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Linking estuarine nematodes to their suspected food: a case study from the Westerschelde estuary (south-west Netherlands)
Moens, T.; Van Gansbeke, D.; Vincx, M. (1999). Linking estuarine nematodes to their suspected food: a case study from the Westerschelde estuary (south-west Netherlands). J. Mar. Biol. Ass. U.K. 79: 1017-1027
In: Journal of the Marine Biological Association of the United Kingdom. Cambridge University Press/Marine Biological Association of the United Kingdom: Cambridge. ISSN 0025-3154, more
Peer reviewed article  

Available in  Authors 
    VLIZ: Open Repository 140766 [ OMA ]

    Ecology; Marine nematodes; Meiobenthos; Populations; Populations; Scale; Scale; Bacteria [WoRMS]; Marine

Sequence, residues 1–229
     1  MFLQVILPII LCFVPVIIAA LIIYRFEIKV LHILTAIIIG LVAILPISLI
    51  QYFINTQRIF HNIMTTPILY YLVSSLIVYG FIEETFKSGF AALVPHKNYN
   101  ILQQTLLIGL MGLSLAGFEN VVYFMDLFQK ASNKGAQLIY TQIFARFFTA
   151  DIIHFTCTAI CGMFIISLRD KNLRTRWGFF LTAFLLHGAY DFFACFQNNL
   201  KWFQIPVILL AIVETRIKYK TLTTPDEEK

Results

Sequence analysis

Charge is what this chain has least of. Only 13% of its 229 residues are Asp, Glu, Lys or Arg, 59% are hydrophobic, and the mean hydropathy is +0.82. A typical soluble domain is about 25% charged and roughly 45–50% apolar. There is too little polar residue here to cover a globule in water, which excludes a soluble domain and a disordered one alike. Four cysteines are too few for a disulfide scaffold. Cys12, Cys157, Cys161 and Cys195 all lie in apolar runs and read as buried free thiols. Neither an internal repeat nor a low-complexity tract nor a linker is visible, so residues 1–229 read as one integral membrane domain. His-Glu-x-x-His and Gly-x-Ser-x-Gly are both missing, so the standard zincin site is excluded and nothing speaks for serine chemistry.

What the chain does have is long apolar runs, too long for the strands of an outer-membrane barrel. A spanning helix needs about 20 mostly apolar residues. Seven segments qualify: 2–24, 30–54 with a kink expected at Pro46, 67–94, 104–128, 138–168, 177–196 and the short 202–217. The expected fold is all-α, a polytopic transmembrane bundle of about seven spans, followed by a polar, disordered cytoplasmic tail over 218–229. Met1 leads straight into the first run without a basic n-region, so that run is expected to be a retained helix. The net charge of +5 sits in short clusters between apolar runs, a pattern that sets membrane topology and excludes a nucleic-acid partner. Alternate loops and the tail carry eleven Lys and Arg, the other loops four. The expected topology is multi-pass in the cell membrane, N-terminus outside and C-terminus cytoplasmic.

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    The present study investigates correlations between abundances of nematodes (at the genus level) and benthic microalgae on an intertidal mudflat in the Westerschelde Estuary (south-west Netherlands), using both multi- and univariate methods. Two sample series, covering surface areas of 10 cm(2) (meioscale) and 1.25 cm(2) (microscale) per sample were analysed. Trophic type analysis indicated that an average of 31% of the nematode community were candidate grazers of microalgae. Multivariate data analysis indicated that only a limited part of the variation in the nematode data could be explained in relation to pigments. Total nematodes did not show any correlation with the pigment data. On the meioscale, the genera Tripyloides and Calyptronema correlated negatively with chlorophyll concentration (chl-a and chl-c, respectively), while Prochromadorella correlated positively with the ratio of fucoxanthin to chi-a, a ratio which at the present sampling site can be considered to be a measure of the proportion of diatoms in the total microalgal standing stock. On the microscale, up to ten genera, comprising 76% of total nematode numbers, were correlated with pigments. A majority (74%) correlated specifically with the ratio of fucoxanthin to chi-a, while much fewer nematodes showed a direct correlation to pigment concentrations. Whereas many of these correlations could be explained in terms of direct trophic links, several others probably represented indirect relationships, trophic or other. Food densities may be less important structuring factors of nematode communities on tidal flats than relative abundances of particular food sources. It is suggested that nematodes actively migrate towards 'optimal' food patches, and that this dynamic aspect of nematode-microalgae correlations is best revealed at a spatial-scale small enough to allow a rapid response of nematodes to changes in adjacent patches. Apparently, the microscale used in the present study is more adequate for the study of such intricate interactions than the meioscale.

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